“If we do a good job, we can find the funding because the will is there,” he told AFP.

“The time of ‘them and us’ thinking is past. The people who were against each other now have to come together.

“People are dying today from the effects of climate change. To them, it’s not an intellectual debate any more.”

New high for global greenhouse gas emissions

New high for global greenhouse gas emissions ©Simon MALFATTO, Paz PIZARRO (AFP)

Credit: Daily Mail Online

Caribbean focuses on youth unemployment

Prime Minister of the Bahamas Perry Gladstone.

Prime Minister of the Bahamas Perry Gladstone.

The International Labor Organization (ILO) said on Wednesday that the 9th Meeting of Caribbean Labor Ministers has concluded with a commitment to strengthen social dialogue further both at the national and regional levels.

The ILO also said the meeting in Port-of-Spain, the Trinidad and Tobago capital, ended with renewed impetus to focus on creative solutions to the problem of youth unemployment and the greening of the economy.

The meeting, themed “Decent Work for Sustainable Development,” was attended by 21 delegations headed by 14 ministers with responsibility for labor issues.

The presidents and other representatives of the Caribbean Congress of Labor (CCL) and Caribbean Employers’ Confederation (CEC) were also present, along with representatives from the Caribbean Community (CARICOM), the Association of Caribbean States (ACS), and U.N. Agencies (ECLAC, UNESCO,PAHO/WHO and U.N. RC Office Jamaica), as well as the Caribbean Community Climate Change Centre (CCCCC).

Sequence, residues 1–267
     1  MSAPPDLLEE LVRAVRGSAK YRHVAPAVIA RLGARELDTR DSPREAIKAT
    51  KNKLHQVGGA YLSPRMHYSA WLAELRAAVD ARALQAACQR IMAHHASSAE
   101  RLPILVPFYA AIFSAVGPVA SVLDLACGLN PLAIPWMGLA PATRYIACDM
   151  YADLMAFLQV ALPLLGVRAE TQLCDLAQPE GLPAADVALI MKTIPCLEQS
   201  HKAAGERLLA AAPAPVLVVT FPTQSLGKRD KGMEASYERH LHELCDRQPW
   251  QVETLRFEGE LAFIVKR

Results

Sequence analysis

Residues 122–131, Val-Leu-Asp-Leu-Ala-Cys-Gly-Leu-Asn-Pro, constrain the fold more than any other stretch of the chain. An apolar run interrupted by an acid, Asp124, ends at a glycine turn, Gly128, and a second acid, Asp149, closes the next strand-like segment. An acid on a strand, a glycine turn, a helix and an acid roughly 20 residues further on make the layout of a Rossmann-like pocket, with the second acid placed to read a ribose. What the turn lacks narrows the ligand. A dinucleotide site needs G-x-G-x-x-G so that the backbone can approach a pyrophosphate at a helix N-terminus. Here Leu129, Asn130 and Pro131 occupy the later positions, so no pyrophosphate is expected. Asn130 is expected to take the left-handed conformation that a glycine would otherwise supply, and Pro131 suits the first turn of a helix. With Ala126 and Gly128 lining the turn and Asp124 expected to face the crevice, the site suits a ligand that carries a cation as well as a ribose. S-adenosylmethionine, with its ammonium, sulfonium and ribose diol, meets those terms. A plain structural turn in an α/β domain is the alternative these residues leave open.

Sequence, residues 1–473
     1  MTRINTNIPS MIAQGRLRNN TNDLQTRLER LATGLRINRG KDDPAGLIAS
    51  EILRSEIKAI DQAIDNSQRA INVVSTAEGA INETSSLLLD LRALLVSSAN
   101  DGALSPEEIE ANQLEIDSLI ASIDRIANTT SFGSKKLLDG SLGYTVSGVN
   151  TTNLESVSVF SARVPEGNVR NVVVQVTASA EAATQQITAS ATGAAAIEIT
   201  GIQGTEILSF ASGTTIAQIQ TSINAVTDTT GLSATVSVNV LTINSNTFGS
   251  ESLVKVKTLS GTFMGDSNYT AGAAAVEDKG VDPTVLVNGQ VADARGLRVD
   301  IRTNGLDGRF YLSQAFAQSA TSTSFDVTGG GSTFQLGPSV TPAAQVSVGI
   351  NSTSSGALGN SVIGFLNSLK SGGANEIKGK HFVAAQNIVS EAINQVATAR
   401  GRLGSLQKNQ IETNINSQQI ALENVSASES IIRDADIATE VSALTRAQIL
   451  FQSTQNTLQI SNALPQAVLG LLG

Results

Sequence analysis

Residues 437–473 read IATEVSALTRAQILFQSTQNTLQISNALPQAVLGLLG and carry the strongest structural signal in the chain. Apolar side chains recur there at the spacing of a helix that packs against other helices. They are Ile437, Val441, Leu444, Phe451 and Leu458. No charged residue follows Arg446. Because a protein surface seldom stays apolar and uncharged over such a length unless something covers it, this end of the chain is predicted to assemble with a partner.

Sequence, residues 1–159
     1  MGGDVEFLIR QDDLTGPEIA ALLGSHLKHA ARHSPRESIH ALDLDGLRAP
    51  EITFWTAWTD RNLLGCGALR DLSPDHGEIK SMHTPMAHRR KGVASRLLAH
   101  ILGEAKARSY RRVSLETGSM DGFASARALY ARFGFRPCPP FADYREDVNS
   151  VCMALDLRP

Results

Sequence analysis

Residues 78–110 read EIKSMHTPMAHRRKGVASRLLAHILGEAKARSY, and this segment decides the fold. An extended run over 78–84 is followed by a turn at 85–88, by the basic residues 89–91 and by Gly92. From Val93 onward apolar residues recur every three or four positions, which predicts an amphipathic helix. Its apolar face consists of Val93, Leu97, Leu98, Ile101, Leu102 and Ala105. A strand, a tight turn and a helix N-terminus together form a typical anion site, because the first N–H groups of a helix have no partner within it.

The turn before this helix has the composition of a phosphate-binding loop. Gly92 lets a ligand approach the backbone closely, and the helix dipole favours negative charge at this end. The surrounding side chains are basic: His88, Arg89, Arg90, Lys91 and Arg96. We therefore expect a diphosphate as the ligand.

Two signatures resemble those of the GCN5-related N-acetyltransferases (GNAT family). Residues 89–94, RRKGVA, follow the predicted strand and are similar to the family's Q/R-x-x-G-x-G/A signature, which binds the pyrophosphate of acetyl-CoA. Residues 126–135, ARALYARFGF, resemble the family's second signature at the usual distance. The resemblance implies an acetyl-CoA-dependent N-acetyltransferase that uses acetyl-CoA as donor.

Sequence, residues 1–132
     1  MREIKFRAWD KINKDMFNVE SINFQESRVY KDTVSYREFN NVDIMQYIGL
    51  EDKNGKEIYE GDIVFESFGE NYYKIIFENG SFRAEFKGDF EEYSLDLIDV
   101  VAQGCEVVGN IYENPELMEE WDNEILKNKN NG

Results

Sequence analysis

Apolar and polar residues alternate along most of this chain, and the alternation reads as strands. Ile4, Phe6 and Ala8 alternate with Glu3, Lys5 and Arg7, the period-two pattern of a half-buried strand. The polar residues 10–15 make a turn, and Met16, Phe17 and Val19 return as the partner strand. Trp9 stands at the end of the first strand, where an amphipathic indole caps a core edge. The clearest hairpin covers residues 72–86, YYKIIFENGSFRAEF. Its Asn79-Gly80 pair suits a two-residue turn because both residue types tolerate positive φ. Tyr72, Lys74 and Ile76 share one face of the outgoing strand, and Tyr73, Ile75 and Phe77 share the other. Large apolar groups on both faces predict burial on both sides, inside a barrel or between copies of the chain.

ILO Director-General, Guy Ryder, attended the meeting and held bilateral meetings with chairman of the Caribbean Community (CARICOM), the Prime Minister of Bahamas Perry Christie; and the Governor-General of the Bahamas, Dame Marguerite Pindling.

The ILO said Caribbean Labour Ministers at the Meeting called for the systemic institutionalization of national social dialogue processes and culture, which embrace policy areas.

They agreed to support the capacity of social partners to ensure that their interventions to tripartite forums and consultations will add substantive value to the processes, the ILO said.

Given the impact of climate change on the world of work, the ministers called for long-term policy development, so that countries are sufficiently resilient to meet the related challenges.

It was agreed that new business opportunities, as well as education and skills-training policies, would be implemented in response to the anticipated impact of climate on the workers, the ILO said.

The ministers called for closer collaboration between the ILO and CARICOM, particularly on youth employment, technical, vocational education and training (TVET), labor market information systems and environmental sustainability.